substantially outweighed by the danger of unfair prejudice to
Fuji.
3
Case 1:03-cv-00241-JJF Document 1076 Filed 11/19/09 Page 4 of 14
Fuji also contends that St. Clair's request for prejudgment
interest is premature. In this regard, Fuji points out that it
has noticed an appeal in this action which will become effective
upon the Court's resolution of St. Clair's Motion. Fuji contends
that the Court's consideration of prejudgment interest should
await the Federal Circuit's review of the September 25, 2008
Final Judgment Order.
Alternatively, Fuji contends that the Court should deny an
award of prejudgment interest because St. Clair unduly delayed in
bringing suit against Fuji. Fuji also contends that the amount
of prejudgment interest sought by St. Clair is overstated because
(l) St. Clair's expert used the wrong calculations, and (2) the
calculated amount covers a period of time for which this action
was stayed at the behest of St. Clair. Fuji also contends that
St. Clair is improperly seeking prejudgment interest on the pre­
tax rather than post-tax amount of the damages award.
III. DISCUSSION
A. Legal Standard For A New Trial
In relevant part, Rule 59 of the Federal Rules of Civil
Procedure provides:
A new trial may be granted to all or any of the parties
and on all or part of the issues (l) in an action in
which there has been a trial by jury, for any of the
reasons for which new trials have heretofore been
granted in actions at law in the courts of the United States.
4
Case 1:03-cv-00241-JJF Document 1076 Filed 11/19/09 Page 5 of 14
Fed. R. Civ. P. 59(a). The decision of whether to grant a new
trial lies solely within the discretion of the district court.
Allied Chem. Corp. v. Daiflon, Inc., 449 U.S. 33, 36 (1980).
However, a court should grant a motion for a new trial only when
allowing a verdict to stand would result in a miscarriage of
justice. Williamson v. Consolo Rail Corp., 926 F.2d 1344, 1352
(3d Cir. 1991). In other words, a court should not disturb a
verdict unless the verdict, "on the record, cries out to be
overturned or shocks [the court's] conscience." Id. at 1353
(citing EEOC v. Delaware Dep't of Health & Social Serv., 865 F.2d
1408, 1413 (3d Cir. 1989)).
B. Whether A New Trial Is Warranted Based Upon The Court's
Decision To Exclude Evidence Of St. Clair's Licensing
Agreements And The Verdict In The St. Clair v. Sony
Litigation
The issue raised by St. Clair in its post-trial Motion
concerning the exclusion of the Sony verdict and the license
agreements entered into between St. Clair and others who had been
sued by St. Clair
2
has been addressed three times by the Court,
twice in pretrial Orders and once at a side-bar during the trial.
(D.I. 788i D.I. 851i D.I. 913 at 1361-1362.) Under Rule 403 of
2 Specifically, the license agreements St. Clair sought
to admit were entered into by St. Clair and Sony, Nikon, Minolta,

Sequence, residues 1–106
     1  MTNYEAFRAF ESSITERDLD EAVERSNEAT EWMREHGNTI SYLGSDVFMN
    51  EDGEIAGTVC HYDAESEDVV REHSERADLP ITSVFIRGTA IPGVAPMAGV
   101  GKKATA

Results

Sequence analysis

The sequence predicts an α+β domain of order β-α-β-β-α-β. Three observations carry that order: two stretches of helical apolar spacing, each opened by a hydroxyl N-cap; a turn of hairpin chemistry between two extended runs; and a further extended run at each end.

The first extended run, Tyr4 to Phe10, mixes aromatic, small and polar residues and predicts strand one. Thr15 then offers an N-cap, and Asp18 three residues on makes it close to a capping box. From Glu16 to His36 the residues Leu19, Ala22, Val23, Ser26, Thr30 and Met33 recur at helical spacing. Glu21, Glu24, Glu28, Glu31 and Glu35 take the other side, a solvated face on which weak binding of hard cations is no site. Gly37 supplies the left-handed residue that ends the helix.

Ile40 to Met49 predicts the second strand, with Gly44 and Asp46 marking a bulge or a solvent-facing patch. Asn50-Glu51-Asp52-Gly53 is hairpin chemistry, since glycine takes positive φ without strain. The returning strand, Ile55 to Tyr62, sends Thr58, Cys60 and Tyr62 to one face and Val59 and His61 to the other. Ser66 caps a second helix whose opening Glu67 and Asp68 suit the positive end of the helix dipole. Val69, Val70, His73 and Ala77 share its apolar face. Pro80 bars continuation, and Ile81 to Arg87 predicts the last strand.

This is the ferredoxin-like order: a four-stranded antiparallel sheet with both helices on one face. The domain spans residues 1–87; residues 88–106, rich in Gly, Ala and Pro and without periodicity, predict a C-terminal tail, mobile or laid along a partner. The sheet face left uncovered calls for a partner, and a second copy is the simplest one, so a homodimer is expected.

Olympus, Seiko-Epson, Casio and Kyocera. (D.I. 1048 at 1 n.2.)
Each of these parties had been sued by St. Clair, and with the
exception of Sony, who was sued by St. Clair in a separate
action, each of the other manufacturers were former defendants in
this action.
5
Case 1:03-cv-00241-JJF Document 1076 Filed 11/19/09 Page 6 of 14
the Federal Rules of Evidence, relevant evidence "may be excluded
if its probative value is substantially outweighed by the danger
of unfair prejudice confusion of the issues, or misleading the
jury, or by considerations of undue delay, waste of time, or
needless presentation of cumulative evidence." Fed. R. Evid.
403. While the Sony verdict and the licensing agreements may
have had some probative value to St. Clair's damages case, the
Court concluded that the danger of unfair prejudice to Fuji was
substantial, particularly in light of the fact that damages and
liability were being tried together.
3
With respect to the
licensing agreements, other courts have reached the same
conclusion in similar circumstances.
4
3 In this regard, the Court also notes that St. Clair
opposed the bifurcation of liability and damages.
4 S e e , ~ , Pioneer v. Samsung SDI Co., No. 2:06-cv-384
(DF) , slip op. at 10 (E.D. Tex. Oct. 2, 2008) (holding that "even
if negotiations, offers and agreements reached under the threat
of litigation had some probative value, such value would be too
slight and clearly outweighed by the danger of unfair prejudice
and confusion" and collecting cases) i Pioneer Hi-Bred Int'l, Inc.
v. Ottawa Plant Food, Inc., 219 F.R.D. 135, 144 (N.D. Iowa 2003)
(excluding evidence based on both Fed R. Evid. 403 and 408) i
Donnelly Corp. v. Gentex Corp., 918 F. Supp. 1126, 1134 (W.D.
Mich. 1996) (excluding evidence as more prejudicial than
probative and recognizing that the Federal Circuit and other
courts have "held that in patent infringement litigation such as
this the rates paid in the industry as a result of settlement
negotiations may not be considered since they do not accurately
reflect what a willing licensee would pay a willing licensor in
an arm's length negotiation") i Wang Labs., Inc. v. Mitsubishi
Elecs. Am., Inc., 860 F. Supp. 1448, 1452 (C.D. Cal. 1993) ("It
is a century-old rule that royalties paid to avoid litigation are
not a reliable indicator of the value of a patent, and should
therefore be disregarded when determining reasonable royalty
6
Case 1:03-cv-00241-JJF Document 1076 Filed 11/19/09 Page 7 of 14